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We’ve passed from April into May, and who among us isn’t wondering what the new month will bring?

In the midst of an opioid overdose epidemic and an abundance of mental health concerns, our nation is witnessing a pandemic that has brought worry, isolation, grief and economic hardship.

One way or another, COVID-19 has shaken all of us.

As bad as it has been, this pandemic will at some point abate and hopefully disappear. In its wake, we will be wiser about how to prepare for and respond to such disasters. But we will also be left with the aftermath — a tattered economy, and the toll on the mental health of millions of Americans.

Past disasters such as 9/11 and hurricanes Katrina, Sandy and Wilma have taught us that the mental health consequences of these events remain long after the disasters are over. And COVID-19 is unlike those disasters, because it is still playing out and still preventing us from returning to something that resembles normality.

Many believe the behavioral health sequela will be consequential. To note just one voice, the Meadows Mental Health Policy Institute reported last month that the COVID-19 pandemic and the economic impact of efforts to control it are expected to result in increases in mental health and substance use disorders, suicides, overdoses and incidents of violence, particularly domestic violence.

As we begin what is known as Mental Health Awareness Month, it is a good time to reflect on the importance of mental health, and the importance of rejecting negative perceptions often associated with mental illness. As advocates have said for so long, mental illnesses, like illnesses affecting our bodies, are just that — conditions that can be treated.

For anyone in Rhode Island who is in crisis with a mental health condition or substance use disorder, the best way to seek help is to visit or call BH LINK, the state’s one-stop 24/7 behavioral health triage/crisis center, at 414-LINK. BH Link has nurses, counselors, psychiatrists, peer specialists and case managers who can immediately help and connect people to the right care.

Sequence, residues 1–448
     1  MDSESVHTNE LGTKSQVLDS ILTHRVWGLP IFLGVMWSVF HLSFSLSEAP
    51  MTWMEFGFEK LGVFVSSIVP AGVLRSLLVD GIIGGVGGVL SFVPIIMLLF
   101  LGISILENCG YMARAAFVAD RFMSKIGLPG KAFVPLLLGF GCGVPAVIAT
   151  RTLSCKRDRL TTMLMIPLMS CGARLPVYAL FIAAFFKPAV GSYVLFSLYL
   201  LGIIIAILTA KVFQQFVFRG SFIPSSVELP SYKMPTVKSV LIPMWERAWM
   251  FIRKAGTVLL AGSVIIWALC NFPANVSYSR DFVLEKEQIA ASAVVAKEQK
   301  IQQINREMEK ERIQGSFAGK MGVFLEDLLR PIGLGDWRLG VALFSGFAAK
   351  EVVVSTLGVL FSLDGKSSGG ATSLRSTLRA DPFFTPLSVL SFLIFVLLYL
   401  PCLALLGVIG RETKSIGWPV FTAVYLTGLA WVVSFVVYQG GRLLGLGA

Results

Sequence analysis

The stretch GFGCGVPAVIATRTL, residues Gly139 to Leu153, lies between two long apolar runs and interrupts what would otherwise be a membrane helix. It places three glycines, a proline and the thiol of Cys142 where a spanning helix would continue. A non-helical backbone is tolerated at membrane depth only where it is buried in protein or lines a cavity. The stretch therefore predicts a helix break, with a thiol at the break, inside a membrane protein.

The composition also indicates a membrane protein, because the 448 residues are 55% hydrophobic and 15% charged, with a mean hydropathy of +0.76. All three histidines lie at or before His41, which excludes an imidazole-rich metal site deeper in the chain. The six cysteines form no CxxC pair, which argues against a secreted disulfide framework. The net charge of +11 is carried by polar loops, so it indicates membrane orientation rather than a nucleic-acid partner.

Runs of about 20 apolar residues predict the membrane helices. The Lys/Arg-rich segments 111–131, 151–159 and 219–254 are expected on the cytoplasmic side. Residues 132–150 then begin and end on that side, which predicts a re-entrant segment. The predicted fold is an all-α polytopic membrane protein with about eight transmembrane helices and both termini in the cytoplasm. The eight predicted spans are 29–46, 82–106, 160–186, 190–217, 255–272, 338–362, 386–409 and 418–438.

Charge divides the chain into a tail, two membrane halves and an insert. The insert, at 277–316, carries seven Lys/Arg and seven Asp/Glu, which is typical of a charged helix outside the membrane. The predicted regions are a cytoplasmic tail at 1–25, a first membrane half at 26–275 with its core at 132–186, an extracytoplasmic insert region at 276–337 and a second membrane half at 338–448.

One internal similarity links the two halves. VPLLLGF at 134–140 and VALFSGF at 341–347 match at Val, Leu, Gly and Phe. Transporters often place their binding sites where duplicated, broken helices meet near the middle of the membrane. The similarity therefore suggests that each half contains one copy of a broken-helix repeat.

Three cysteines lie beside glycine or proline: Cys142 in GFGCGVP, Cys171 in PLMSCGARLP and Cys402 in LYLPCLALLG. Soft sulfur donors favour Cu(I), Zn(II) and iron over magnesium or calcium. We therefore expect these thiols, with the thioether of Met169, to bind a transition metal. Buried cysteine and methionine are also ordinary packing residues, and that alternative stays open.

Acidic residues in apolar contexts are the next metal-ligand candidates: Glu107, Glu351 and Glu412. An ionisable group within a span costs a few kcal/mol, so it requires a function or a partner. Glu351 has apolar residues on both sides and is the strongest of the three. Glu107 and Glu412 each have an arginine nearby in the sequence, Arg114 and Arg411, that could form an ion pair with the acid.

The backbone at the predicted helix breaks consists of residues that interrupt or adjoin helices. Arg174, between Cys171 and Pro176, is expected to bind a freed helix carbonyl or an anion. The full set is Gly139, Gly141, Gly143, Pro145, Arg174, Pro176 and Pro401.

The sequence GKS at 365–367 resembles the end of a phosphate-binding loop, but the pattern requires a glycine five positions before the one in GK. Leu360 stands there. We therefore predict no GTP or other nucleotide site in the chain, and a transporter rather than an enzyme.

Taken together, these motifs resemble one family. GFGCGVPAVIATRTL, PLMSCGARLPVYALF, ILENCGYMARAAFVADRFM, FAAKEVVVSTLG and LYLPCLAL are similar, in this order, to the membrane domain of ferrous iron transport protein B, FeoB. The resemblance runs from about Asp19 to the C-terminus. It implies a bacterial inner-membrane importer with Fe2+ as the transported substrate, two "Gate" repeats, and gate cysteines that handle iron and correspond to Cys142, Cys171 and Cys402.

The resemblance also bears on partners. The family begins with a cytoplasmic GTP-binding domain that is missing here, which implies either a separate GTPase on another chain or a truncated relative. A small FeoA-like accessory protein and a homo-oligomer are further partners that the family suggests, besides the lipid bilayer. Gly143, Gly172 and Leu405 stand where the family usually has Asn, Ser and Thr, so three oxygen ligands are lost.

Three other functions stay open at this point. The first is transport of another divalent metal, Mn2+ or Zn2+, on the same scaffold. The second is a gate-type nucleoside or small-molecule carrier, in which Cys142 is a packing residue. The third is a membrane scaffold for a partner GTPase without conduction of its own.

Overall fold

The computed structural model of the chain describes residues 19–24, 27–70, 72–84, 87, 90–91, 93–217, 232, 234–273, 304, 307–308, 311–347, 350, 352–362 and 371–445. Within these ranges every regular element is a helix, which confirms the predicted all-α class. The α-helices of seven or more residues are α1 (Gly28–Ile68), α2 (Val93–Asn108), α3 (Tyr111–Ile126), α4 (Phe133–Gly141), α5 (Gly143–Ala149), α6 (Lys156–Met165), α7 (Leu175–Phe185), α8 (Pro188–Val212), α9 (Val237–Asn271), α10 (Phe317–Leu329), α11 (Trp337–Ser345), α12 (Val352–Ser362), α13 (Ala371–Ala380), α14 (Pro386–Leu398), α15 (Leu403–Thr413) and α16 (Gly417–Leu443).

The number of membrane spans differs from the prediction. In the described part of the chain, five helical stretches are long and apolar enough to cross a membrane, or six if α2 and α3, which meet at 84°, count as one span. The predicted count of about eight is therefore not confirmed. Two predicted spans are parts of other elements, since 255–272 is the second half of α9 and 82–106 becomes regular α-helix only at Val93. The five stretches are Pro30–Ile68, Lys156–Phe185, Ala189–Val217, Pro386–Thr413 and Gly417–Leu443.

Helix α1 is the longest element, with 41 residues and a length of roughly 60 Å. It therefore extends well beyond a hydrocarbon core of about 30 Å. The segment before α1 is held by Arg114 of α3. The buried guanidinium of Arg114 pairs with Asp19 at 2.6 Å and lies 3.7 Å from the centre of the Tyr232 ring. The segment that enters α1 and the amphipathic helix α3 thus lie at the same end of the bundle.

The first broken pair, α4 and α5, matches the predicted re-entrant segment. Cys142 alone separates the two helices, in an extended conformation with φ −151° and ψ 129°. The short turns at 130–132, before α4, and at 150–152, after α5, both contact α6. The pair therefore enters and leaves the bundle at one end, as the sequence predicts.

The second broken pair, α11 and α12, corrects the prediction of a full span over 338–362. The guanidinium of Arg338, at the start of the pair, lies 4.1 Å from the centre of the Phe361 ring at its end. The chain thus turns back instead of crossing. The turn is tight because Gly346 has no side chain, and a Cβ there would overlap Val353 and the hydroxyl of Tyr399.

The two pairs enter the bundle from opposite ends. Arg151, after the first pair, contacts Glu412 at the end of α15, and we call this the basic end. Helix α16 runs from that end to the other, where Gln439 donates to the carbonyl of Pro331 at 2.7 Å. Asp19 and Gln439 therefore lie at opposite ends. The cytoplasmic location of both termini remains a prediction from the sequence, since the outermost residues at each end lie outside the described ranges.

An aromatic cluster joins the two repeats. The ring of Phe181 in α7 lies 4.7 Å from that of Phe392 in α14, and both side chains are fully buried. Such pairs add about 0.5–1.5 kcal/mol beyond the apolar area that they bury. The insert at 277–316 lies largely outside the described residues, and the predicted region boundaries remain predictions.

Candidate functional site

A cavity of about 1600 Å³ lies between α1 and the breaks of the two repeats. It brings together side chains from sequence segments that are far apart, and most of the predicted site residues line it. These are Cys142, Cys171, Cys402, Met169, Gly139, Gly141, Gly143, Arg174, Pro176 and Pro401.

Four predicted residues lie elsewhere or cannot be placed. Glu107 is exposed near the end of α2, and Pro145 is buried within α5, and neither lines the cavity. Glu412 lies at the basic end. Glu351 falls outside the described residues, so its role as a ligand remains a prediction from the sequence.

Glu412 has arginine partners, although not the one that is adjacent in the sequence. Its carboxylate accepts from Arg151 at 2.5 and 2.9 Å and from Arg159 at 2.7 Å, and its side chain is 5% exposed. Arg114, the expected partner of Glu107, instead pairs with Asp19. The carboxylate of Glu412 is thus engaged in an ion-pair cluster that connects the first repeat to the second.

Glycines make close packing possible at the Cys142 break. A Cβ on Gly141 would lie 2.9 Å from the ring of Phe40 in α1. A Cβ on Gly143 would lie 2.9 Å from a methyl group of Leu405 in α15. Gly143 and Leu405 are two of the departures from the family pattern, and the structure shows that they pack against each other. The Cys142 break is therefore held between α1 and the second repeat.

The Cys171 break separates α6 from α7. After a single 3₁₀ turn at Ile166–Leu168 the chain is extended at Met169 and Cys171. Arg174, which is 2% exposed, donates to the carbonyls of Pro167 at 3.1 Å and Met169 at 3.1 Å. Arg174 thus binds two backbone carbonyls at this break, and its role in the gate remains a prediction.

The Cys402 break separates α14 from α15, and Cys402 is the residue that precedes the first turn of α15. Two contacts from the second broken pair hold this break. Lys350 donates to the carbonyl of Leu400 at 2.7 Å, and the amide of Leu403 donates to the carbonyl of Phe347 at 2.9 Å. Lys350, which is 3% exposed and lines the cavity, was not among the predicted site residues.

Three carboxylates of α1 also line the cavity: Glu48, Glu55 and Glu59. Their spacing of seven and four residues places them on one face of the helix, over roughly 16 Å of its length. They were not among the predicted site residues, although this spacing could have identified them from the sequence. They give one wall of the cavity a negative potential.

It’s also important to understand that we all have a role to play. For starters, we can treat mental health with the same urgency and empathy as other health issues. As Gov. Gina Raimondo said in a 2018 executive order, federal and state laws “require insurers to provide for behavioral health care under the same terms and conditions as physical health care.” We need to remember, as the governor noted, that there is more work to do on this front.

We can also help by taking care of ourselves — by being aware of our mental and emotional health and coping with crises like COVID-19 by having routines and daily schedules and tasks to accomplish. We can make sure we have needed medications and food, time for fun, and time to reach out to others, by phone or internet if not in person. We can embrace the reality that we are more resilient than we think. Often we think “I’m not going to be able to get through it,” and then we do.

The Substance Abuse and Mental Health Services Administration identifies four dimensions of recovery: health, home, purpose and community. Together, they emphasize the importance of healthy choices, a safe and stable place to live, meaningful daily activities, and relationships and social networks that provide support, friendship, love and hope.

Hope is a basic and fundamental belief, and it calls us to action.

COVID-19 has changed many aspects of our lives, and many challenges lie ahead. That’s all the more reason to focus on the steps we can take — individually and together — to support the importance of mental health.

A. Kathryn Power is the acting director of the Rhode Island Department of Behavioral Healthcare, Developmental Disabilities and Hospitals.

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